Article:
The tensioner assy was reinstalled, marks rechecked, the pin pulled out of the tensioner and then the motor was rotated twice by hand and the marks rechecked. Then as they say, reassembly is the reverse of the dissassembly.

Motor seems to run fine, wife thinks it runs and shifts smoother, but I thought that is the way things are when you drop $500 worth of parts on a car!

I'm still gonna wonder for a while if I got one tooth off with the right cam. I'm gonna monitor the gas mileage to see if there is any change. Anybody have any observations or thoughts?

Lowell
 

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lowellb said:
Now here is the question. While the left cam sprocket was right on its timing mark, the right cam sprocket was off by 1/2 tooth from its reference mark. The marks that are on the housing are so wide that one can move the sprocket back and forth by one tooth and still be between the marks - what a dilemma!!!! I've done timing belts on my Porsche three times and never came across this type of a problem before! I had noted that the water pump had no guide pins to locate its position. I loosened the water pump bolts and there is almost 1/8 in of vertical slop in the way the pump can sit. So I moved the pump up as far as it would go and retorqued the bolts. Now the right cam sprocket almost aligns with the marks - just a little wear or stretching in the belt would allow the marks to align. Anyway that was the logic I used to say things were good to go.Lowell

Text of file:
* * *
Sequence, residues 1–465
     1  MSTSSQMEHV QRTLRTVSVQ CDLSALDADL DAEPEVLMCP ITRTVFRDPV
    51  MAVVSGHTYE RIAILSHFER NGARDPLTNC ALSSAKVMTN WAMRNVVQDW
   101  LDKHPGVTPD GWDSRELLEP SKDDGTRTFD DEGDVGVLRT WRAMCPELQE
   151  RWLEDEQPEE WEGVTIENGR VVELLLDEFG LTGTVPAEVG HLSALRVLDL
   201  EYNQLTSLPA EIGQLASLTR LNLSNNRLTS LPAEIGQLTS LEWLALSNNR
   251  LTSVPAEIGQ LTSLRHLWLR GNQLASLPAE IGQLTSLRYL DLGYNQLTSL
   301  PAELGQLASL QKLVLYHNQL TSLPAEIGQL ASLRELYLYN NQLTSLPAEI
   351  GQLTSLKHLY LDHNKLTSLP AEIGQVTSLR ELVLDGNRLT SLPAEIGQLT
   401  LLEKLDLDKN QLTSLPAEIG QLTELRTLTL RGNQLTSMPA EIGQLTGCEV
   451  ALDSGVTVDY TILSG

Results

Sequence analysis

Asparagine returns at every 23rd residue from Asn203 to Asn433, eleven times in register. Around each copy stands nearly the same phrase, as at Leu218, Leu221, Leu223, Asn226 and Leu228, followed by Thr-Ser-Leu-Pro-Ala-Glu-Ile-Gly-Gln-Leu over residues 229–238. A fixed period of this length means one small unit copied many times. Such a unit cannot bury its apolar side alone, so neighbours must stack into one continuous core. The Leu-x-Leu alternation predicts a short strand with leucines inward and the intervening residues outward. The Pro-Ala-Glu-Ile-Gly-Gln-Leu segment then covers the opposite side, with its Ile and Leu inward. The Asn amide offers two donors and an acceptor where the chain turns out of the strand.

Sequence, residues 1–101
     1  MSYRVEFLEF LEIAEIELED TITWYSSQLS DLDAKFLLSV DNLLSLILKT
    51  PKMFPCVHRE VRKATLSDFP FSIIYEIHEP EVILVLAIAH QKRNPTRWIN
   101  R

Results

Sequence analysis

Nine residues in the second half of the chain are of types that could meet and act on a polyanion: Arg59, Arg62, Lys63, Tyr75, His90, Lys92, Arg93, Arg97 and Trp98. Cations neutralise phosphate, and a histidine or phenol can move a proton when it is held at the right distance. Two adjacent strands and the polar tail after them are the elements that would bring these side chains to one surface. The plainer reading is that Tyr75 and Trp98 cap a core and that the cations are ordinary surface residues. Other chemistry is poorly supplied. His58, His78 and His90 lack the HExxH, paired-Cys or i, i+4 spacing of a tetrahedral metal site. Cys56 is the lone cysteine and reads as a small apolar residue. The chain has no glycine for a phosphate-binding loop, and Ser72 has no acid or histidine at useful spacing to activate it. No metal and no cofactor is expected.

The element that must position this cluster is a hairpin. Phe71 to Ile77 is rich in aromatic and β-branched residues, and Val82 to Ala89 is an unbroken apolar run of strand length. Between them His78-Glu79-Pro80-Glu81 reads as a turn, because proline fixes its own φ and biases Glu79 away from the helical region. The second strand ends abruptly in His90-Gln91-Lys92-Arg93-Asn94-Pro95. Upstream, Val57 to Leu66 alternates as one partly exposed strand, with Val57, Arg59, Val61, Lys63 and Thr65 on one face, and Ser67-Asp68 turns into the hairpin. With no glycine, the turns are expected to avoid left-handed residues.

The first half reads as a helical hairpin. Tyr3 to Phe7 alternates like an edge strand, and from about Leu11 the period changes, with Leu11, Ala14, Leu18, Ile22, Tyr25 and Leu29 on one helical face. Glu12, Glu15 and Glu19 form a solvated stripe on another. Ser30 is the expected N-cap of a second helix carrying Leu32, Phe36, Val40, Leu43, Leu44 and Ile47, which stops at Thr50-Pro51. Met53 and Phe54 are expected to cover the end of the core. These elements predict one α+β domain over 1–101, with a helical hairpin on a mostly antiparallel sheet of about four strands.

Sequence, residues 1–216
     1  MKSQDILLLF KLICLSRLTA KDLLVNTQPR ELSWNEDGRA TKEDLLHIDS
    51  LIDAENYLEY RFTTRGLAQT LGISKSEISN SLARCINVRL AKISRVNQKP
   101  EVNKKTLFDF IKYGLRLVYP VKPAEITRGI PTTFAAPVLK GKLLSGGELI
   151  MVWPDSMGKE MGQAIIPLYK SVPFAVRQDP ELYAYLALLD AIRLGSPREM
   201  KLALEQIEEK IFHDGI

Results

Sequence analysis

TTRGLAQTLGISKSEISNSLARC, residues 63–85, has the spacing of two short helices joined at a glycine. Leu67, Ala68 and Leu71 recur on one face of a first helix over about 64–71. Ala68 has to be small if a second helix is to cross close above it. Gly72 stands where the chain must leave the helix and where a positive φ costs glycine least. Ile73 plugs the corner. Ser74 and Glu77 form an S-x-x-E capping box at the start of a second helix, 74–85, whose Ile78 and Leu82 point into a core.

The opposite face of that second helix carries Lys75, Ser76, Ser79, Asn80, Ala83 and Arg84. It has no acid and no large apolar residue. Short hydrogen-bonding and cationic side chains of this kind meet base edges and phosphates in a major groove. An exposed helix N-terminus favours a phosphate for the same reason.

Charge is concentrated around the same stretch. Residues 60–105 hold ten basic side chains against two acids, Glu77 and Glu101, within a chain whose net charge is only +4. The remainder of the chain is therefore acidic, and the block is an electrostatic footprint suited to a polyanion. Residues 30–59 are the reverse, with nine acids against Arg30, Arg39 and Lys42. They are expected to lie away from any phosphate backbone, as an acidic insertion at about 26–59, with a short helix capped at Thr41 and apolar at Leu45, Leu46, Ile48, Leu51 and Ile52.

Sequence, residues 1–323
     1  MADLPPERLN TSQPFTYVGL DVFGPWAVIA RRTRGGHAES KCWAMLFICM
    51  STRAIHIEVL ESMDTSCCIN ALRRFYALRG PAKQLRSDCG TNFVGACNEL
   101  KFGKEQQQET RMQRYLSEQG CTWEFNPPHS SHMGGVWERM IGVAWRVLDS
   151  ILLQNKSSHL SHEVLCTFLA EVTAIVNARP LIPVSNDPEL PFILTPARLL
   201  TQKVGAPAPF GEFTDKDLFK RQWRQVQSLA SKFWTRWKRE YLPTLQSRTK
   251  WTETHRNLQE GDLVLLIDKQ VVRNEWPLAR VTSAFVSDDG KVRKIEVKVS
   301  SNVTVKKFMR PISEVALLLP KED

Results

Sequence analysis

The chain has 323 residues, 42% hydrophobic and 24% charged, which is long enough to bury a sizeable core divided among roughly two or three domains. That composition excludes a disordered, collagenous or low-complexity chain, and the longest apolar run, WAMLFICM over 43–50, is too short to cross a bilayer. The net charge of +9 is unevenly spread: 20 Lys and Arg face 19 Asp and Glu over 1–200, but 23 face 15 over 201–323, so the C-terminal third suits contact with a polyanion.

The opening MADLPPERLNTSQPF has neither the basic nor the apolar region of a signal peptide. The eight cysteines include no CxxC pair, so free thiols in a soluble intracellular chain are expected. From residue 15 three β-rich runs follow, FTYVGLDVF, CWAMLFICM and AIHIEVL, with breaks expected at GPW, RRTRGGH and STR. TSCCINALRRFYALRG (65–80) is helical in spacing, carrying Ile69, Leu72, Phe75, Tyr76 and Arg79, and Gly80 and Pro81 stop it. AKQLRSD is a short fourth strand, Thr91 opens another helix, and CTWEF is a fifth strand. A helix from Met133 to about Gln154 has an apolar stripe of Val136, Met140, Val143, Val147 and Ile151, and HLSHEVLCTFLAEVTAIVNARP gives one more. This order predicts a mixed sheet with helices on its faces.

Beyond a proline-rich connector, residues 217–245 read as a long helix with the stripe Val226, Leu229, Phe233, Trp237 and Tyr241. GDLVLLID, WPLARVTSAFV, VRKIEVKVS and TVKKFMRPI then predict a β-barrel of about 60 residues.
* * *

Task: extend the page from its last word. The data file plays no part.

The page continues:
I had a similar issue when i did mine last week. One mark would line up perfectly and the other would be within a bees dick. Installing the belt in the right direction does make a difference. Eg, Crank, RH Cam, Water Pump, then LH CAM, then around the tensioner and down to the Crank. I also found it important to try and maintain tension on the belt as i installed it. From memory it was still not perfect, but i put it all back together and it fired up straight way without any problems.
 

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Discussion Starter #3
I think we are both saying the same thing when it comes to order in how the belt is placed on the sprockets. I was talking from the engine's point of view, i.e. sitting on the engine looking forward. You described it standing in front of the car looking at the engine. And as you mention, the belt has to be placed on the sprockets so there is no slack. I just thought it was really odd that there were no alignment pins for the waterpump. Waterpump position was good for nearly 1/2 worth of tooth on the belt when running the belt on the cam sprocket that was on the tensioner side of the installation. After doing some more thinking on my Porsche analogy, it isn't the same. The waterpump on the 968 is on the tensioner side of the belt run.

How many miles were on your Intrepid when you did the belt change? How did everything else look?

Lowell
 

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104k miles. Everything looked in great shape.